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Running Through Fairy Tales Was Never This Much Fun
Gala Networks has a few original titles under their wings, including a game that looks like the offspring of Super Mario Galaxy and Mad Dash, called Tales Runner. The name comes from the fact that the in-game missions and stages are mostly made in tribute to popular fairytales. This includes magic carpet rides through the streets of India and beanstalk platform hopping in a stage that pays homage to Jack and the Beanstalk.
However, fairytales aside, Tales Runner’s prime highlight resides in its incalculable fun-factors and streamlined play mechanics that make it unlike any other MMO and very unlike many other console games as well. It’s just too bad that community isn’t as welcoming or as strong as the concept in which the game was designed.
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As mentioned in the previous section, take a few parts Mad Dash, a few parts Mario Kart, a few parts of Super Mario Galaxy and stir it in a pot all its own and you’ll end up with Tales Runner. The game combines a mixture of various gameplay elements as well as MMO character properties, to give it a truly unique feel. The ability to open a farm and earn extra stats, or run around in the social park to talk to other players adds a nice community structure to the game.
Players can also choose if they want to race classic 2D Sonic style or new age Sonic Heroes or Sonic Riders style. The maps are always in 3D but how they’re raced greatly changes when going from behind-the-character races to side-scrolling races. It also adds a nice measure of replay to the already diverse selection of maps.
Added to this, even though Tales Runner is a robust MMO racing game, it also has a very detailed and enjoyable single-player mode with plenty of tutorial missions, single races and mission modes where loot and items can be earned and unlocked.
A balanced selection of power-ups, character customization options, unlockable new characters and special cards to unlock new items gives Tales Runner some serious depth to be a free-to-play MMO.
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I certainly can’t talk down about the gameplay mechanics of Tales Runner. The game runs absolutely perfect, even when there are 30 people all jammed in one single map trying to get to the finish line. The controls are exceptionally fluid and even more-so than what I was expecting. In the side-scrolling races the change in the game’s mechanics are hardly noticeable and the response timing for jumping, double-jumping and activating turbo are also handled quite well.
The items also play a heavy part in the outcome of a race (when they’re activated) allowing players to dynamically change positions using a wide number of abilities that range from heat-seeking chicken missiles, to buckets that force players into a restricted first-person view if they mistakenly pick it up.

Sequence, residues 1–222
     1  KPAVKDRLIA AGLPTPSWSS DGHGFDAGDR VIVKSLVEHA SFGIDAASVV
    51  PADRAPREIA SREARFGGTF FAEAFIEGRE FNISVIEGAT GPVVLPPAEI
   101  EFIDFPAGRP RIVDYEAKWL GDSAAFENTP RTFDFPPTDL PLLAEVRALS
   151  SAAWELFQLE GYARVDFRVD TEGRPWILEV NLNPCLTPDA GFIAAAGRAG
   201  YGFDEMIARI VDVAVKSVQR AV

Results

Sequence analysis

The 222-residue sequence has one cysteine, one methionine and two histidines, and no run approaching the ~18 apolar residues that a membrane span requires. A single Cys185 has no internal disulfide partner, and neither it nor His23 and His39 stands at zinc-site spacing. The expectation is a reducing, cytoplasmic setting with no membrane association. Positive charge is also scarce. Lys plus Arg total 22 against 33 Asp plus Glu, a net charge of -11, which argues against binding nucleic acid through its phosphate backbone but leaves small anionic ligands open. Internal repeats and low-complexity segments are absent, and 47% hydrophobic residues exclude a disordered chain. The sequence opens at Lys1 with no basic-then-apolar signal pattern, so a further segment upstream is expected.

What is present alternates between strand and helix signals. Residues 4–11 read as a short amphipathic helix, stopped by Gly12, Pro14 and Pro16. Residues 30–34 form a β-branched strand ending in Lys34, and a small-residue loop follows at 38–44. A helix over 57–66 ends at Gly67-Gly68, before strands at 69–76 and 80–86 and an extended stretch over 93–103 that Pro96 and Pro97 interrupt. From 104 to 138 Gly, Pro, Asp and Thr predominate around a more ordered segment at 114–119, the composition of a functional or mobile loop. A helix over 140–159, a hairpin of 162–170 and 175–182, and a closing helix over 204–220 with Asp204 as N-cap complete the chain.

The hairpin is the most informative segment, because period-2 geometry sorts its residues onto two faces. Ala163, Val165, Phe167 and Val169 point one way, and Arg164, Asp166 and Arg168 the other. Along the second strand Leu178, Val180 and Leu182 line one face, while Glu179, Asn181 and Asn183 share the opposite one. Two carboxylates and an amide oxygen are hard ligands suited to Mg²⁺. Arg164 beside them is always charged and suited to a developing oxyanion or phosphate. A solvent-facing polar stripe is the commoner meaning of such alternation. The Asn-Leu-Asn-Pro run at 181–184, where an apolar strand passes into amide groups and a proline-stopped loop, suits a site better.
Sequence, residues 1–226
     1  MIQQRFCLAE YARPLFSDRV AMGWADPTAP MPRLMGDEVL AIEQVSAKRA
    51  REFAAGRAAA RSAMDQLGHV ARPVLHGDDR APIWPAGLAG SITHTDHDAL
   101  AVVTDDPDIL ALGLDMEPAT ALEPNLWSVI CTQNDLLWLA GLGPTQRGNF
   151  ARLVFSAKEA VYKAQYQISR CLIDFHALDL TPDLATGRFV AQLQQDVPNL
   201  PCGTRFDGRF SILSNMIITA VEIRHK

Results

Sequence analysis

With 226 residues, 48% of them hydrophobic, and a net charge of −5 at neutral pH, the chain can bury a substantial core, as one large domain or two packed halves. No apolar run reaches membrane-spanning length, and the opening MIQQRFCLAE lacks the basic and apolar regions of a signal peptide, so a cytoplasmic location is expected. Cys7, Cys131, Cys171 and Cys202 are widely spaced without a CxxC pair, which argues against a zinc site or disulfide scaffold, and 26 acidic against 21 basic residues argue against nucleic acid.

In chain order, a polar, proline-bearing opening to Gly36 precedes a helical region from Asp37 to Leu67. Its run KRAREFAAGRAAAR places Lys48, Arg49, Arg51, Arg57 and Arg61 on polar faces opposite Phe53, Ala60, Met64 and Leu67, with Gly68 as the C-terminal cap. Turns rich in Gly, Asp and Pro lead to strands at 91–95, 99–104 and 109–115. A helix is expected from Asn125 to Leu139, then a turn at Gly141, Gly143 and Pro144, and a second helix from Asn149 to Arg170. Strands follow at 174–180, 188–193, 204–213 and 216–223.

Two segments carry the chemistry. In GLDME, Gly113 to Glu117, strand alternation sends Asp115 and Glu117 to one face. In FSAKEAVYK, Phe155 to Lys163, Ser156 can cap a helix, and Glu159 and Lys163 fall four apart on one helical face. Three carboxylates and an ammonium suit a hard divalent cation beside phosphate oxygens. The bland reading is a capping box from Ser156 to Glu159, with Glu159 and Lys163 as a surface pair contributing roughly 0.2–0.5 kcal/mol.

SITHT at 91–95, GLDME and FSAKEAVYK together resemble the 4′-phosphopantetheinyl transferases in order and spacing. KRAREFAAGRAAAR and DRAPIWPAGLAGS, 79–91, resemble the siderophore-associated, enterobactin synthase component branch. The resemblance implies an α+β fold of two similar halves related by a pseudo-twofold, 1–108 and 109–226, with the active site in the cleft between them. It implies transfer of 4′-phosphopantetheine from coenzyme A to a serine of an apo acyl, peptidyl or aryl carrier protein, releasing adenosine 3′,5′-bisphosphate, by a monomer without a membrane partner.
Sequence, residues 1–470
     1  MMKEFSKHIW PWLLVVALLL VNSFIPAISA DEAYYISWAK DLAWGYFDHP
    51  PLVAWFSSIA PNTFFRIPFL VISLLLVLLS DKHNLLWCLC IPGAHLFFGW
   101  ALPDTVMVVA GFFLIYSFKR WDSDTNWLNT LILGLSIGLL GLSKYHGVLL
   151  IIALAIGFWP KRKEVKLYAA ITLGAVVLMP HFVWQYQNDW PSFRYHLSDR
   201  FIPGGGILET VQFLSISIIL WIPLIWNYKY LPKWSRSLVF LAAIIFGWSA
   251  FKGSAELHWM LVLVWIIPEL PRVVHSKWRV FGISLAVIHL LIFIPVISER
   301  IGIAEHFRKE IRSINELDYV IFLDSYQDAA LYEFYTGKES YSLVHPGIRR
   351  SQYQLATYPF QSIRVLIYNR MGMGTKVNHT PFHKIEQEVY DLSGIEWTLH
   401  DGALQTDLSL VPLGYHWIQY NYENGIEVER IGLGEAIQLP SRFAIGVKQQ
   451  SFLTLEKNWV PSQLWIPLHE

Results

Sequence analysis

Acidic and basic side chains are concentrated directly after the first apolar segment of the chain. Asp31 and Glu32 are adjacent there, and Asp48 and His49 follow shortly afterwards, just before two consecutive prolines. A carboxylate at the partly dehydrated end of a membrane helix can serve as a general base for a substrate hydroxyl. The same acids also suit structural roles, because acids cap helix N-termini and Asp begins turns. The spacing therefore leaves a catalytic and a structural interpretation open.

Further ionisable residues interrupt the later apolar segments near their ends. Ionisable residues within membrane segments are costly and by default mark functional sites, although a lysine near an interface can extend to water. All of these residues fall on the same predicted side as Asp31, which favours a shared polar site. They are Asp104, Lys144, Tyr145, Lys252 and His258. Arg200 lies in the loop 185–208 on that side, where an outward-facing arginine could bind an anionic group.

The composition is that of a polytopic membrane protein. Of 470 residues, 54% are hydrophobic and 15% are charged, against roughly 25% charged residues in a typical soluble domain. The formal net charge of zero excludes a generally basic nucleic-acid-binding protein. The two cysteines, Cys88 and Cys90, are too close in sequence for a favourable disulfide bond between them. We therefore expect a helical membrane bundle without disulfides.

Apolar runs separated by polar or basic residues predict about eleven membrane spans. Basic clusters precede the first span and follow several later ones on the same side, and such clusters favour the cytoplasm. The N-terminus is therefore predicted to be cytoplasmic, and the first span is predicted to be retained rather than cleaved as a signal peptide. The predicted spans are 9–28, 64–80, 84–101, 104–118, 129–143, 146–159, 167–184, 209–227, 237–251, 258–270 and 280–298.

Everything works so well in the game and the varied content, platforms and obstacles to overcome and avoid gives the game an intense feeling of interactive thrills and a dynamic sense of competition rarely seen in other MMOs.
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Graphics And Sound
Most games give you something to complain about in the graphics and visual department; faulty resolutions, bad textures, weak lighting, sour framerates…the works. To my surprise there was nothing really worth complaining about in Tales Runner when it comes to the visuals. If your PC can muster it the game has some fairly impressive cel-shaded effects and an appeasing art-style to boot.
I think it’s a striking testament to the game’s overall appeal that so many aspects of its design were taken into account to work and work correctly. For gamers with a really high-end PC it’s possible to turn up the visuals to their max and enjoy the cel-shaded look without any slowdown. For everyone with a moderate PC or laptop the game still works exceptionally well, especially with the way it syncs up the game speed so all players get a really enjoyable 30 frames-per-second experience with nearly no lag or slowdown.
The visual performance isn’t the only highlight in the aesthetics department for Tales Runner. The game manages to entice and keep gamers entertained with a very colorful display of original stage designs, artistically creative themes and a surprisingly diverse selection of character customization options.
In regards to the soundtrack…it’s all standard fare of what you would expect from a casual looking title of this sort, but it all fits together rather nicely, especially for keeping gamers intense and focused on some of the more difficult races.
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I will admit to one fault that I experienced in the game but I can’t place the blame on the game itself, and that’s with the community. While I could knock a star off from encountering a lot of bratty, impatient kids while playing, it’s not inherently the game’s fault that a lot of younger audiences will be drawn to Tales Runner (and rightfully so).
In hindsight, it just comes with the territory of being an MMO. And still, players who have a tough time getting acquainted or finding racing buddies can still hit up the free-roaming mode that allows players to walk around, chat, make friends and inspect items.
The additional farming mode (which seemingly comes out of nowhere), item crafting, story missions, multiple multiplayer and single-player modes add enough variety and replay to keep the game feeling fresh at just about every turn, which puts Tales Runner a lap ahead of the competition.
Anyone looking for an original racing game that’s fun for the whole family would only do themselves a disservice by not checking out Tales Runner.